Obama said we need to break through the limitations that gender standards place on society and change attitudes that permit the routine harassment of women.
In his essay for the women’s magazine, the US president commented on the progress made on gender equality in the last 100 years, remarking that we shouldn’t downplay how far we have come, but we still need to work hard to “improve the prospects of women and girls [in the US] and around the world”.
He said: “We need to keep changing the attitude that values being confident, competitive, and ambitious in the workplace—unless you’re a woman. Then you’re being too bossy, and suddenly the very qualities you thought were necessary for success end up holding you back. We need to keep changing the attitude that congratulates men for changing a diaper and penalises working mothers.
“We need to keep changing the attitude that raises our girls to be demure and our boys to be assertive, that criticises our daughters for speaking out and our sons for shedding a tear. We need to keep changing the attitude that punishes women for their sexuality and rewards men for theirs.
“We need to keep changing a culture that shines a particularly unforgiving light on women and girls of colour[…] It’s important for them to see role models out in the world who climb to the highest levels of whatever field they choose. And yes, it’s important [his daughters] see that their dad is a feminist, because now that’s what they expect of all men.
“We need to keep changing the attitude that permits the routine harassment of women, whether they’re walking down the street or daring to go online. We need to keep changing the attitude that teaches men to feel threatened by the presence and success of women.”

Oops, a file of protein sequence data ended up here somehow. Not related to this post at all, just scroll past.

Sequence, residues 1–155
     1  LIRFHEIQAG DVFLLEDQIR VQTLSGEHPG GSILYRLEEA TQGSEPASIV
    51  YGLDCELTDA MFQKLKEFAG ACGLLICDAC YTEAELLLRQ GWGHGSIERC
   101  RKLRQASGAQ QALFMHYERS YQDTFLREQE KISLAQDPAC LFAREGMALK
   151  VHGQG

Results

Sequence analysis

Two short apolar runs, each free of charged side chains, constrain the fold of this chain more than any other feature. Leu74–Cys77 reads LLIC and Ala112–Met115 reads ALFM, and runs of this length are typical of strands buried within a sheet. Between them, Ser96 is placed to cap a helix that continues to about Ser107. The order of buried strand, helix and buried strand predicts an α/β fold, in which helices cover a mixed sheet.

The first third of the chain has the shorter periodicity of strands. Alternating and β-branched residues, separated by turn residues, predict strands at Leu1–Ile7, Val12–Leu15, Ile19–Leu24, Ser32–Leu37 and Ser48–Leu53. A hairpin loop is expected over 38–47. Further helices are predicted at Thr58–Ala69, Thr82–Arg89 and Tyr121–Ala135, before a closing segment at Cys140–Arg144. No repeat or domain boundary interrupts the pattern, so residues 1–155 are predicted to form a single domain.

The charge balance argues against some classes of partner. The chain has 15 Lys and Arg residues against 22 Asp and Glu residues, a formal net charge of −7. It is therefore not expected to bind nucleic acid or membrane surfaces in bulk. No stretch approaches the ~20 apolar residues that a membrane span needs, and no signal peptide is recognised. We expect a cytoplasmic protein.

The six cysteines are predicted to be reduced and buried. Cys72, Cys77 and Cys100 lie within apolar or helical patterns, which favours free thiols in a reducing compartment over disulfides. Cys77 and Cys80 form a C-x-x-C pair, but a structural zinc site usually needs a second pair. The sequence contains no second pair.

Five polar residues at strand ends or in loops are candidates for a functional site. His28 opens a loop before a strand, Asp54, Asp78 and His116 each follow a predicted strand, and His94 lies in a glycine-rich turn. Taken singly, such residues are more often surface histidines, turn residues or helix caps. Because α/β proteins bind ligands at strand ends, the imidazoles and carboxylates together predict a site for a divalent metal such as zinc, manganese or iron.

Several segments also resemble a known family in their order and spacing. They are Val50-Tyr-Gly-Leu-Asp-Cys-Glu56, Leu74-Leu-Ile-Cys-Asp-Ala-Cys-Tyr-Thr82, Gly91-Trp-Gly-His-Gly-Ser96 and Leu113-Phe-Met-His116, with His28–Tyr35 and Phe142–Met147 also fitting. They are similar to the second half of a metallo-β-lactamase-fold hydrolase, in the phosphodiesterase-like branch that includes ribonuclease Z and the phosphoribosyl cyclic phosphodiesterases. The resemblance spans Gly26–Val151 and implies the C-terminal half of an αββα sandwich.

Obama also describes the sacrifices made by his wife, Michelle, expressing that women have always been the most important people in his life. He declared that men have a responsibility to “fight sexism too”. Gone are the days when women needed a husband to get a credit card but despite all our progress, we are still boxed in by stereotypes about how men and women should behave.
Obama goes on to mention Hilary Clinton’s remarkable feat in becoming the first woman presidential nominee for a major political party in the history of the country. He said: “No matter your political views, this is a historic moment for America. And it’s just one more example of how far women have come on the long journey toward equality.”
He added: “In my lifetime we’ve gone from a job market that basically confined women to a handful of often poorly paid positions to a moment when women not only make up roughly half the workforce but are leading in every sector, from sports to space, from Hollywood to the Supreme Court. I’ve witnessed how women have won the freedom to make your own choices about how you’ll live your lives—about your bodies, your educations, your careers, your finances.
“And while I’ll keep working on good policies—from equal pay for equal work to protecting reproductive rights—there are some changes that have nothing to do with passing new laws. In fact, the most important change may be the toughest of all—and that’s changing ourselves.”
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